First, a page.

Classic Computer Magazine Archive ANTIC VOL. 4, NO. 1 / MAY 1985



Book of Adventure Games
by Kim Schuette
344 pages, paperbound
Book of Adventure Games
Cheating is expensive. In this case, it will cost you about $20 to obtain maps and cheat sheets for most existing adventure games.
   Of course, it might well be worth $20 to avoid those sleepless hours, as you pull out your hair and wonder how to get past that bear or enter those massive doors in your favorite adventure game.
   Whether you want to use such a cheat book is your business. But if you do, you'll find this an excellent guide.
   Maps and solutions reflect actual gaming experience and include appropriate editorial comments. The maps are well drawn and clearly presented. However, in our random sampling of game clues, some maps contained minor, but frustrating inaccuracies. Clues are provided as needed, in the form of numbered notes. These clues are in a separate section at the end of the book, so it is possible to just peek at that one answer you absolutely cannot figure out.
   Each game also comes with publisher information, suggested retail price, description and brief review, necessary menus and character charts.
   The Book of Adventure Games covers over 75 titles, most of which were designed for the Apple. But 42 are available for the Atari, including all Infocoms except the very latest, the Ultima series, the Adventure International catalog, Gruds in Space, Ulysses, Wizard and the Princess, and most other favorites.
This book is published by Arrays, Inc., 11223 South Hindry Avenue, Los Angeles, CA 90045.

Atari Graphics & Arcade Game Design
by Jeffrey Stanton with Dan Pinal
479 pages paperbound
Atari Graphics & Arcade Game Design
Atari Graphics & Arcade Game Design was written for intermediate BASIC programmers ready to master the Atari at a higher level.
   This is not a book for beginners who think a "Sprite" is something that goes well with a hot dog and a "redefined character" is a fellow who's had a spiritual experience.
   The early chapters deal with display lists, character set graphics and ANTIC and GTIA graphics modes. Several short BASIC program listings are included to illustrate key points in the text.
   In a gentle introduction to Assembly Language, a BASIC version of a "Breakout" game is taken apart and its subroutines are explained. Ensuing chapters compare each subroutine to equivalent assembly language macros. By the time you're through, you should be a lot closer to designing and writing your own machine language arcade games.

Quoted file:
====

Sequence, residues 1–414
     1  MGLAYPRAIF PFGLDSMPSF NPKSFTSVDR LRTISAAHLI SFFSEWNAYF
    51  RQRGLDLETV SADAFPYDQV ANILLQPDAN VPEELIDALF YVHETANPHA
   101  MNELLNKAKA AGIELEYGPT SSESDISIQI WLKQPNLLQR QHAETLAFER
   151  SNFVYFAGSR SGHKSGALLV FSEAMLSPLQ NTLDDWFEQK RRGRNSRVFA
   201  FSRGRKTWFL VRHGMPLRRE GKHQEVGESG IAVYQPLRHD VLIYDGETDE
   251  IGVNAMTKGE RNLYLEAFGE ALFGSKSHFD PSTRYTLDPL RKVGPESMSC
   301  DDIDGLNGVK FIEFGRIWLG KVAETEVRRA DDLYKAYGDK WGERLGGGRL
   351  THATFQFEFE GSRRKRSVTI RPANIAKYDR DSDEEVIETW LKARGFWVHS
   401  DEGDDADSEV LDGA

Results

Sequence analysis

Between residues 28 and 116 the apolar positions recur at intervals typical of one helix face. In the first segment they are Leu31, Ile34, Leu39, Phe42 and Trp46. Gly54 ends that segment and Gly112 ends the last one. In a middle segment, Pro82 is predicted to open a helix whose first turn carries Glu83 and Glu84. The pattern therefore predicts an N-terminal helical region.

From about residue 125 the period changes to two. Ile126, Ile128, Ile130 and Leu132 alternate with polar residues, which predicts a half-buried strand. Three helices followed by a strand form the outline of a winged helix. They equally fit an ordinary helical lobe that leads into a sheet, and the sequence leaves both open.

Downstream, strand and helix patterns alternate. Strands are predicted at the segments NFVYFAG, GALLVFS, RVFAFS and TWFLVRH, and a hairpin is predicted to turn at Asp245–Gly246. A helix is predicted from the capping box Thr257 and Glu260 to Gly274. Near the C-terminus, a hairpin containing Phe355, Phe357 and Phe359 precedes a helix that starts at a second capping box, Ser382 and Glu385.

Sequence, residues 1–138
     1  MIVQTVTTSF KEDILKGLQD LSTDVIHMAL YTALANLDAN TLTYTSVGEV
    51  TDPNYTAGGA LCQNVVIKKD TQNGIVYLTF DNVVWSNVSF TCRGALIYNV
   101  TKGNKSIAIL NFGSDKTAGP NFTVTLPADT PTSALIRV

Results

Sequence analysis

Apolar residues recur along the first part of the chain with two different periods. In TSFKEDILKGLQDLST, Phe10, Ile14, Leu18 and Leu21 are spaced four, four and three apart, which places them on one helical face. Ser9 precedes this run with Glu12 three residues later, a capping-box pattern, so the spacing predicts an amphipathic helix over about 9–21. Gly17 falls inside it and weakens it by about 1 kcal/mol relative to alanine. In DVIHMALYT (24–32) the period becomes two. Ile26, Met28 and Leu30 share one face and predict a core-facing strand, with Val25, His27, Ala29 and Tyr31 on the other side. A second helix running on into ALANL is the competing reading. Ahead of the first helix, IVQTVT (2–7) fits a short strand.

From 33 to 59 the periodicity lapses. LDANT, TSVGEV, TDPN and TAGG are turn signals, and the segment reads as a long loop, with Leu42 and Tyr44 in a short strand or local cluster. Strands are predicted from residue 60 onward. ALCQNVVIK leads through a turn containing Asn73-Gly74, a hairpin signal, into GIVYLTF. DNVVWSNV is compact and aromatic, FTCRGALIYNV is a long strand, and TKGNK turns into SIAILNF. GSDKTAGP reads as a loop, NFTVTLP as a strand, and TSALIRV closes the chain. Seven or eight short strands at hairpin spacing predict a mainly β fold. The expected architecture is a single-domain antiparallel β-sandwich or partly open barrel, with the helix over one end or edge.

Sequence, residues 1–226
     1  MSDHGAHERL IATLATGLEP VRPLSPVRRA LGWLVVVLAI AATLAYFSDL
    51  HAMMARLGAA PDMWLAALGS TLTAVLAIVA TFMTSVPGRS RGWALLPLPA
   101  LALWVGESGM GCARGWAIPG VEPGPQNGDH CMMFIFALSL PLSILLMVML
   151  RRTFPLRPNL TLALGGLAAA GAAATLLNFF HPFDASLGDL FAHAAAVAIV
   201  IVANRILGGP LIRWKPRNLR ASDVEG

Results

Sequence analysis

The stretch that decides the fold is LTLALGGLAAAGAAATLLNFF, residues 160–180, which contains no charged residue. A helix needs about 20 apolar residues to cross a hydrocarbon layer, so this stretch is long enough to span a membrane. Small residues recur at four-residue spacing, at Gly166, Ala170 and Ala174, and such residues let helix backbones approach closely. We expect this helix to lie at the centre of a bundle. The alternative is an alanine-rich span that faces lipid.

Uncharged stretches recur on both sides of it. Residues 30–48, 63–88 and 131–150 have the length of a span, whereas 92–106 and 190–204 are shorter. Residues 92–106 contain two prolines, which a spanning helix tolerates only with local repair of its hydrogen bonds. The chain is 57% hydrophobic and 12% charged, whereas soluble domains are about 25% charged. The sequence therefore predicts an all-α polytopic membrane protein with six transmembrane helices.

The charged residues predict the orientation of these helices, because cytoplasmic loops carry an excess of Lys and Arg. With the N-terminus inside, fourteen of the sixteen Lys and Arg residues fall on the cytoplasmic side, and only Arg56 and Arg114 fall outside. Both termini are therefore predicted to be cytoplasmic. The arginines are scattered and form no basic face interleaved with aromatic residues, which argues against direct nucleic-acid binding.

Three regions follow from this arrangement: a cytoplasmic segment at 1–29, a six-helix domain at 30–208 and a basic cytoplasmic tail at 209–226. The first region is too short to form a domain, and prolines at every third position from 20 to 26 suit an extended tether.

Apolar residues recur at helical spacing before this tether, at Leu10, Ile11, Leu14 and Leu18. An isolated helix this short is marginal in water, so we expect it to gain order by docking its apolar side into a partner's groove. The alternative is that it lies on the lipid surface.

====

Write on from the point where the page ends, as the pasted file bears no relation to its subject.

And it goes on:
Although the assembler listings are written in Synassembler, the book has a comparison table to help you translate the Synassembler code to Atari Assembler Editor, MAC/65, Atari Macro Assembler or Eastern House.
   (This book is available by mail from the Antic Catalog bound into this issue of the magazine.)

Atari Color Graphics
by Joseph W Collins
202 pages paperbound
Atari Color Graphics
Atari Color Graphics: A Beginner's Workbook is a useful introduction to 14 Atari BASIC graphics modes. These include the three GTIA modes and two modes (Graphics 14 and Graphics 15) unique to XL computers.
   If you're a beginning programmer, you'll want to keep your BASIC reference manual close at hand, since the workbook only describes BASIC graphics commands.
   Each workbook chapter introduces a different style of computer graphics, including high, low and medium resolution modes; single and multicolor modes; the GTIA modes and three text modes.
   The book contains many illustrations and dozens of short type-in programs that demonstrate key points in each chapter. New BASIC programmers ready to add interesting graphics routines to their programs should start with this book.
   (This book is available by mail from the Antic Catalog bound into this issue of the magazine.)
   Both graphics books reviewed here are published by Arrays, Inc./The Book Division, 11223 South Hindry Avenue, Los Angeles, CA 90045.

1, 2, 3, My Computer & Me! A Logo Funbook For Kids (Atari version)
by Jim Muller and the staff of the Young Peoples' Logo Association.
111 pages paperbound
1,2,3 My Computer & Me!
Here is one of the finest Logo workbooks available for children. Armed with this book, young people unfamiliar with Logo will quickly have turtles dancing on their screen. Later chapters explore recursion music, writing and editing procedures and using the Logo shape editor.
   Children will enjoy this lively and instructive book. It is filled with dozens of colorful and enjoyable Logo procedures to try. Parents and teachers will appreciate 1, 2, 3 because every lesson encourages children to use experimentation, imagination and intuition to solve programming puzzles.

Logo Fun
by Pat Parker and Teresa Kennedy
112 pages paperbound
Logo Fun
This Logo tutorial simultaneously describes versions of the language for Atari, Texas Instruments, and two Apple variants. Consequently, you must be familiar with the Atari Logo user's guide before you read Logo Fun. Without this knowledge, debugging your Logo procedures soon becomes a frustrating nightmare.
   Logo Fun contains a wide assortment of tiny procedures which draw attractive patterns on the screen. Several of these designs are presented in an eight-page color section in the middle of the book.
   The authors invite you to use their book like an encyclopedia-to "flip back and forth, or check the index to find what you need." Unfortunately there is no index, and "flipping back and forth" soon becomes a time-consuming chore.
   Both Logo books reviewed above are from Reston Publishing Company, 11480 Sunset Hills Road, Reston, VA 22090. (800) 336-0338.